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Dr Charlotte Sleigh has studied how we viewed ants throughout history. Thomas Belt was an English geologist and naturalist who was fascinated by the fire ants.

Charlotte Sleigh “I think the 18th century is a period when you start seeing some really sustained interest in ants and the way that they live, and a lot of those very earliest writers were coming from a theological tradition. Indeed, many of them were ordained clergymen. The qualities that the ants exhibited were considered to be really twofold. One of them was industriousness, they worked, really, really hard, and that’s something everybody should do, and the other thing that they exhibited was what the Victorians called mutual aid. That is to say, they helped one another, and supported one another in the life of the nest.”

Dr Charlotte Sleigh
Dr Charlotte Sleigh

And as the Victorians travelled the world on the business of Empire, they encountered new and intriguing species of ant. One such traveller, an English engineer called Thomas Belt, particularly admired the leafcutters.

Thomas Belt Explorer

Charlotte Sleigh “Thomas Belt was a mining engineer, and when he went out to Nicaragua, around about 1870, he was not impressed with the native Nicaraguans, he was not impressed with the Hispanic colonists, he thought they had become sort of lazy and dependent on the native labour, but what he really rated where the leafcutter ants, and in particular, he was so tremendously impressed with the mining that they did, just like he was planning to, with the tunnels they constructed, it was as though he had found the English in Nicaragua in the ants.”

Ant Mining
Ant Mining

Watching our leafcutters at work, it’s easy to see why Thomas Belt was so impressed. Their leaf cutting operation is a highly-sophisticated, highly-organised collective endeavour. This remarkable ability to cooperate isn’t unique to the leafcutters.

Dr Charlotte Sleigh

Adam’s been investigating one other species of ant that takes the idea of cooperation to a whole new level, and resumes the commentary.

Floating Fire Ant Raft observed by Thomas Belt
Floating Fire Ant Raft

Floating on the Amazon River is a wonder of the animal world. It may look like a tangle of weeds, but up close, it’s a seething mass of ants. This is Solenopsis invicta, the fire ant. To survive the regular floods of the Amazon, an entire ant colony can join together as one large raft, built from their own bodies.

Fire Ant Raft

They can survive like this for months, waiting for dry land. So, how do the fire ants do it?

I’ve come to Georgia Institute of technology in America, to meet a scientist who’s tried to discover the secrets of the fire ant raft.

Solenopsis invicta, Fire Ant as documented by Thomas Belt
Solenopsis invicta, Fire Ant

It’s my first chance to see these extraordinary boat-builders up close.

Nathan Mlot “One of the big questions people ask is what happens to the ants on the bottom. Do they drown, and the answer is no. They essentially remain dry, even those ants that break through the surface tension of the water and are fully submerged trap a layer of air around their bodies so they can still breathe.”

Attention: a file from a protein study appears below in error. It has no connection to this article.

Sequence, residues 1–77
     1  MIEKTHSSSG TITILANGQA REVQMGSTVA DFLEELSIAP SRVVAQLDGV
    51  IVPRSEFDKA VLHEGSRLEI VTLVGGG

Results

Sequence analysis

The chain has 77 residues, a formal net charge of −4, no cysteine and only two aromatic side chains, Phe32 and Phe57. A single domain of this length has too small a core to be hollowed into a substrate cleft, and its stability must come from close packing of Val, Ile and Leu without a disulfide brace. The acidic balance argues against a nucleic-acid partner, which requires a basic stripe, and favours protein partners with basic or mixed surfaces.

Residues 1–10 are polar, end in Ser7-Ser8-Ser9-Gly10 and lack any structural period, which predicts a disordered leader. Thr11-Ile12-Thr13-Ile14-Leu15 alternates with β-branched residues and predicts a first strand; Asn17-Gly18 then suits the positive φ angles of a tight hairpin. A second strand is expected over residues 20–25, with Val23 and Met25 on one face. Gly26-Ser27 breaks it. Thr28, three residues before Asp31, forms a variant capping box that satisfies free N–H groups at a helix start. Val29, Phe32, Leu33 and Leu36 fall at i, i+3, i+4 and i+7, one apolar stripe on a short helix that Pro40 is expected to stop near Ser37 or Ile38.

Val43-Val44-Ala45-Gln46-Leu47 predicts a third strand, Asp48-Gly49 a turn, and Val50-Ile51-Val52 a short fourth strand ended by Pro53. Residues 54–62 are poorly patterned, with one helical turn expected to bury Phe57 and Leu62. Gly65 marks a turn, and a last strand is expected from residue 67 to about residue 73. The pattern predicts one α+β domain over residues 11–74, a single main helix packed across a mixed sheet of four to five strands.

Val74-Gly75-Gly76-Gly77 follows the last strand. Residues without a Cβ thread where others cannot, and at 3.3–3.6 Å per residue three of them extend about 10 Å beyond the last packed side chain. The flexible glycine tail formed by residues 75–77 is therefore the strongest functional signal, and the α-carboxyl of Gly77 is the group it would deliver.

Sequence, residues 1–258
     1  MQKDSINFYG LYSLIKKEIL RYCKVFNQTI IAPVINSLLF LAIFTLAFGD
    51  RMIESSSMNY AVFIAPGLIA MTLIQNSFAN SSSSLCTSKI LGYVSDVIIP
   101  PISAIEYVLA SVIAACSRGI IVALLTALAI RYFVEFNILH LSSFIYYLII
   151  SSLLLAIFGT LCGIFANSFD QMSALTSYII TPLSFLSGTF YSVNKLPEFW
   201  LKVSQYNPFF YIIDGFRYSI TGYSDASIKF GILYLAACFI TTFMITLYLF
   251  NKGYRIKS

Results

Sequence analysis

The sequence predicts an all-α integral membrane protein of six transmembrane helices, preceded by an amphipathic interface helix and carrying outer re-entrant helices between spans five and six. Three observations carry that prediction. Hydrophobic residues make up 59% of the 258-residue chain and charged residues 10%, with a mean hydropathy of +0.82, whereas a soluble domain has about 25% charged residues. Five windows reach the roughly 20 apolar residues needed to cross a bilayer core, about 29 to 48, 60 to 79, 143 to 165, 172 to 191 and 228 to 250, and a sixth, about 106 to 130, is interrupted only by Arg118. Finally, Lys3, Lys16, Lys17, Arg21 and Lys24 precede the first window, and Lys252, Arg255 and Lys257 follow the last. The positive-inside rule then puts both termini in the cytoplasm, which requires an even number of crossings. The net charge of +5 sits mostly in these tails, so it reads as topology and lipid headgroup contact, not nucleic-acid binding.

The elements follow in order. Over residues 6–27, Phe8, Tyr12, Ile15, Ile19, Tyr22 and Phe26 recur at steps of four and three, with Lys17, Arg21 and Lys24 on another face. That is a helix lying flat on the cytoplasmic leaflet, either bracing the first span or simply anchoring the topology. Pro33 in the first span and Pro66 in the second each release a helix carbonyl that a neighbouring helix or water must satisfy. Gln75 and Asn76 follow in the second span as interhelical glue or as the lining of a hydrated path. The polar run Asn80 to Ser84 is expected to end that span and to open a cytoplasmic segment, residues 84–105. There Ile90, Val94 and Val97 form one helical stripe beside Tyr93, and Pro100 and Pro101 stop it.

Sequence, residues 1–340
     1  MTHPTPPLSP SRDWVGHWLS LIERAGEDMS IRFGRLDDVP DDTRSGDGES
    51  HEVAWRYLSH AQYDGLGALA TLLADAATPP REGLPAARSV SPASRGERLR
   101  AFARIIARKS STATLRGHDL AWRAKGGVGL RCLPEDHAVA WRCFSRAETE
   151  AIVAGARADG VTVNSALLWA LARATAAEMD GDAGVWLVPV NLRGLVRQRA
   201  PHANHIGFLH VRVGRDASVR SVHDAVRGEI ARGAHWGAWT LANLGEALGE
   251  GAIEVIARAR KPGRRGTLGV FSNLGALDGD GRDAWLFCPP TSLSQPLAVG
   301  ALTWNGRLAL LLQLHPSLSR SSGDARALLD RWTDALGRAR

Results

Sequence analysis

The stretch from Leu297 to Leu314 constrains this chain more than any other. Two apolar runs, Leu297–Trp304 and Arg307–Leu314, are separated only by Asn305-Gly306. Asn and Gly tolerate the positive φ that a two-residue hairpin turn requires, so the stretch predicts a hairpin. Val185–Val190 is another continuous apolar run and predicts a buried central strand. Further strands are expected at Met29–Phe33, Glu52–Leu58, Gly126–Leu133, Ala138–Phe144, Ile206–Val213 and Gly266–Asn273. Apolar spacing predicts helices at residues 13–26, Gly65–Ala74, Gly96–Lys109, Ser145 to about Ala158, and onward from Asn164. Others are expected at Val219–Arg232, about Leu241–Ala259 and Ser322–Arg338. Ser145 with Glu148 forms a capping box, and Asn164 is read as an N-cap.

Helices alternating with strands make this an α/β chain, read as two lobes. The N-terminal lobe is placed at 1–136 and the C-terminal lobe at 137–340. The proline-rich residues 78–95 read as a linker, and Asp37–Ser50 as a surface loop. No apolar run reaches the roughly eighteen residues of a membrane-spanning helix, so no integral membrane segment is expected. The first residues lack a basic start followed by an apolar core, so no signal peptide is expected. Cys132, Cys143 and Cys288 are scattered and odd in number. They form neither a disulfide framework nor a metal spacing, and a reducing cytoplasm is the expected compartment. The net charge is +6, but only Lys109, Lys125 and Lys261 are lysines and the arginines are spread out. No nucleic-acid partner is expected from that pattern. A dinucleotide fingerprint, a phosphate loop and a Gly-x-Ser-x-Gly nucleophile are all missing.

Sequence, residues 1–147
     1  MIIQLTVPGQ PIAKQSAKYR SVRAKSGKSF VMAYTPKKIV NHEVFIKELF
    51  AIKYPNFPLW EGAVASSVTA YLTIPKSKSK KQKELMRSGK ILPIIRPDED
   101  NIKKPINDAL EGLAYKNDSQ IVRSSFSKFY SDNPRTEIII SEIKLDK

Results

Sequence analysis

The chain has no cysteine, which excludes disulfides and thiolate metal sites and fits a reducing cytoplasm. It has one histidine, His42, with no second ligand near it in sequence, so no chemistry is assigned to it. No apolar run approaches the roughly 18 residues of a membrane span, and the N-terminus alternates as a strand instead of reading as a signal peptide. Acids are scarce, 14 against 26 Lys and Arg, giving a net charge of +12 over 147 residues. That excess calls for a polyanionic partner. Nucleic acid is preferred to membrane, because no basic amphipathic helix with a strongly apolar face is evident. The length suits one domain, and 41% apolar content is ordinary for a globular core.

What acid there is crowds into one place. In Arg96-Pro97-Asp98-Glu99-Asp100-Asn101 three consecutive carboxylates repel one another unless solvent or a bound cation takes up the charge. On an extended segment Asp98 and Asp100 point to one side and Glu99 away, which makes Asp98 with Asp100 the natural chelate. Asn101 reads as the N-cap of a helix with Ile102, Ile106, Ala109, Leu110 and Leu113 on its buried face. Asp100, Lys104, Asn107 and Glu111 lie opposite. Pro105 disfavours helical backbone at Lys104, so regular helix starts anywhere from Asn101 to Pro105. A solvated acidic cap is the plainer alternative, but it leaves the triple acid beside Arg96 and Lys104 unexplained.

Nathan Mlot

So there is an obvious thing for us to do now, which is to try and submerge them and see what happens. Can you push these down?

Nathan Mlot
Nathan Mlot

Nathan Mlot “When you push it under the water, they retain a pocket of air around their bodies. It’s almost encapsulating them inside an air pocket. I can show you that here.”

They’re very buoyant. So there’s a silvery sheen over the outside, which is all the air bubbles that have been trapped.

Nathan Mlot “That’s the air-water interface line, there.”

Each ant is naturally water repellent. Droplets simply slide off them. And when thousands of ants combine, the result is a raft that is virtually unsinkable.

Nathan Mlot “When you do push them under the water, they pull themselves even tighter together, so that when they’re subjected to the high pressures underneath the water, it still keeps the water out.”

Magnified hundreds of times, the secrets of the fire ant raft are revealed. The mandibles are used to grab hold of a nest-mate’s leg. At the end of each leg is an adhesive pad and a claw. This, like a sticky grappling hook, allows them to form further flexible connections with any nearby nest-mate. The ants’ own bodies act as a set of interlocking units, so the entire colony can turn itself into a single structure.

So this is really an unsinkable, self-healing lifeboat?

Nathan Mlot “It is. It is a force to be reckoned with, that’s for sure.”

This remarkable ability allows the fire ants to survive the worst floods of the Amazon. Cooperation has made them an engineering marvel of the natural world. And one of the most successful ant species on the planet.

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